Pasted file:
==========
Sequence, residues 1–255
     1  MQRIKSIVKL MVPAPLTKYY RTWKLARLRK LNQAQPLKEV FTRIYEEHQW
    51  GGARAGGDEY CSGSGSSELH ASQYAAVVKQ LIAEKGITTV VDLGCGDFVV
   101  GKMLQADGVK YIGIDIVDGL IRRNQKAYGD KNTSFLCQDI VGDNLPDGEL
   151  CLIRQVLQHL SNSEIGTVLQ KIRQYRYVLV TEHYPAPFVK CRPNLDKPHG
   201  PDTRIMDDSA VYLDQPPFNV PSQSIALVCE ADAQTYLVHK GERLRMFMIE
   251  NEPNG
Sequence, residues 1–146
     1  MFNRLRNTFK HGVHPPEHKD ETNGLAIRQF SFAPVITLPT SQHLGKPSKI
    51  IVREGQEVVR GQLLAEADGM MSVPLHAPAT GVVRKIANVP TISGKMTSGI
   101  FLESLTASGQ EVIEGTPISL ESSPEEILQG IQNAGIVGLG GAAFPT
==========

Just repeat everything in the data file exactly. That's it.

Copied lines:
Sequence, residues 1–255
     1  MQRIKSIVKL MVPAPLTKYY RTWKLARLRK LNQAQPLKEV FTRIYEEHQW
    51  GGARAGGDEY CSGSGSSELH ASQYAAVVKQ LIAEKGITTV VDLGCGDFVV
   101  GKMLQADGVK YIGIDIVDGL IRRNQKAYGD KNTSFLCQDI VGDNLPDGEL
   151  CLIRQVLQHL SNSEIGTVLQ KIRQYRYVLV TEHYPAPFVK CRPNLDKPHG
   201  PDTRIMDDSA VYLDQPPFNV PSQSIALVCE ADAQTYLVHK GERLRMFMIE
   251  NEPNG
Sequence, residues 1–146
     1  MFNRLRNTFK HGVHPPEHKD ETNGLAIRQF SFAPVITLPT SQHLGKPSKI
    51  IVREGQEVVR GQLLAEADGM MSVPLHAPAT GVVRKIANVP TISGKMTSGI
   101  FLESLTASGQ EVIEGTPISL ESSPEEILQG IQNAGIVGLG GAAFPT